Analyze This (1999)
“New York’s most powerful gangster is about to get in touch with his feelings. YOU try telling him his 50 minutes are up.”
Analyze This (1999)
Director: Harold Ramis
Cast: Robert De Niro, Billy Crystal, Lisa Kudrow
Synopsis: A comedy about a psychiatrist whose number one-patient is an insecure mob boss.
Spare a thought for the beleaguered mob leader. His career of choice might provide him with the luxuries of life, but few realise the levels of stress that accompanies their position. Paul Vitti (Robert De Niro – The Family, American Hustle) not only has a mob to run, but must dodge the bullets fired by those who covet his position, and which claimed the life of his predecessor. Such pressures are sure to take their toll, and Vitti finds himself suffering panic attacks at the most inopportune moments. Fortunately, his right-hand man Jelly (Joe Viterelli, an actor born to play hoods) literally ran in to a psychiatrist the night before Vitti confides in him, and sets up a meeting with Dr. Ben Sobel (Billy Crystal), a man whose career, until that fateful traffic collision, had been on autopilot.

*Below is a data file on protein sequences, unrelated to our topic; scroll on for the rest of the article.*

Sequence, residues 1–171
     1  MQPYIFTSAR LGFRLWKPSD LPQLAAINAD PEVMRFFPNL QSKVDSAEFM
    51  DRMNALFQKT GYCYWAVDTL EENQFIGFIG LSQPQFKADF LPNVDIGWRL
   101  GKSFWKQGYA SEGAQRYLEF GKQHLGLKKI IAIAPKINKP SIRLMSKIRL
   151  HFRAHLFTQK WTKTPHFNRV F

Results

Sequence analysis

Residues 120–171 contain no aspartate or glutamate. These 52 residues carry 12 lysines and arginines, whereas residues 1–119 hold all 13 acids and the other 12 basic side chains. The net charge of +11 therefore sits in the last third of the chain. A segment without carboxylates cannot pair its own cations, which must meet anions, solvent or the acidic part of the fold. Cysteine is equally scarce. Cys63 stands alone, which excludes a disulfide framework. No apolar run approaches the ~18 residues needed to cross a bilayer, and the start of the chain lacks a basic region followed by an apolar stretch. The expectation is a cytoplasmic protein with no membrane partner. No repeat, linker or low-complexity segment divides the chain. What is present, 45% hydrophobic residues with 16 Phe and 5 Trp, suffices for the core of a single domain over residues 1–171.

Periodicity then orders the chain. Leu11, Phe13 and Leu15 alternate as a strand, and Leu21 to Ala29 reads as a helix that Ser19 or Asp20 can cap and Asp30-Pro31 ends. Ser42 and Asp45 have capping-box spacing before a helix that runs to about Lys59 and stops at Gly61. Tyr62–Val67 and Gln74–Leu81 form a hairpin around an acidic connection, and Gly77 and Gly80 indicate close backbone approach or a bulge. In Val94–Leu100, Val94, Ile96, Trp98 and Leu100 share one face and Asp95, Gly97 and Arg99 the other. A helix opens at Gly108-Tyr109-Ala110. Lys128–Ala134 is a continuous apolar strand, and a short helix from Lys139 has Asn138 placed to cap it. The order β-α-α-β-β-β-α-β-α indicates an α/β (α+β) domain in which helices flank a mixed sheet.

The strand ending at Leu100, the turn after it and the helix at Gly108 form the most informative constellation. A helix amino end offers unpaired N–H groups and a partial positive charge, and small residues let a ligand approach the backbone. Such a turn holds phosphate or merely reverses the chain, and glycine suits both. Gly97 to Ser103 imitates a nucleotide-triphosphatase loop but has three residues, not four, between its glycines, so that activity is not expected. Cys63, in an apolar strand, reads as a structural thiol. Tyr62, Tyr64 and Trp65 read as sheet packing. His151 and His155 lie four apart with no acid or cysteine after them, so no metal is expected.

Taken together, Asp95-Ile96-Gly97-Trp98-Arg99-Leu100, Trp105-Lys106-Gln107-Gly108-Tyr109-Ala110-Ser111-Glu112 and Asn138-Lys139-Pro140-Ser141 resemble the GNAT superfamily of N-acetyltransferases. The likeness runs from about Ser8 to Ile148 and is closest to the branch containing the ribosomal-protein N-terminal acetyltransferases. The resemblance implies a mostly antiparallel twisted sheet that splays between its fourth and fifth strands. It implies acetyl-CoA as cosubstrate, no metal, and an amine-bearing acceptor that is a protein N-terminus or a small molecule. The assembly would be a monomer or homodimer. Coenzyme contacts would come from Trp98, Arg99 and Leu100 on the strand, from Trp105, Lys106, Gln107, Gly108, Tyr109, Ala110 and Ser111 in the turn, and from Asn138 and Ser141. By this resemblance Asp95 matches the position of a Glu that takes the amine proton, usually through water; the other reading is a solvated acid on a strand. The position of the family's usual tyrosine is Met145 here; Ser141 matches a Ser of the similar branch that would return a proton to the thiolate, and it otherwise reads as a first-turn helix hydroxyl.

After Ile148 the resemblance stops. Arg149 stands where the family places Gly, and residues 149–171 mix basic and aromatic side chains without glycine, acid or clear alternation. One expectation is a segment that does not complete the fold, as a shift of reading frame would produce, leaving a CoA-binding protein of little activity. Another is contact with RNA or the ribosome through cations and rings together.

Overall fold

DeNiro capitalises on his reputation for playing tough gangster types – in the likes of Goodfellas and Casino, in particular – to good effect as stricken mobster Vitti. He’s played on this reputation a number of times since, to the point where he’s now as familiar to audiences as a comic tough guy as he once was as a straight hood, but it was still a relatively fresh move back in 1999 and much of the humour from Analyze This was to be found in the incongruity of his casting. Conversely, comedian Billy Crystal plays the straight man, and resigns himself to taking a back seat to both De Niro and the colourful characters in his mob. They’re a likeable bunch thanks to the fact that the movie wisely steers clear of inspecting their criminal activities, or at least glosses over them.
Analyze This is at its best when focusing on the interaction between the increasingly demanding but responsive Vitti and the increasingly frustrated Sobel, but gets side-tracked too often by the doctor’s impending marriage to WASP-ish fiancee Laura (Lisa Kudrow), and descends into farcical silliness when Sobel has to unexpectedly stand in for Vitti at a meeting of all mob bosses. Nevertheless, there are a few solid laughs to be found in a comedy which was considered strong enough to warrant a sequel.
(Reviewed 28th December 2013)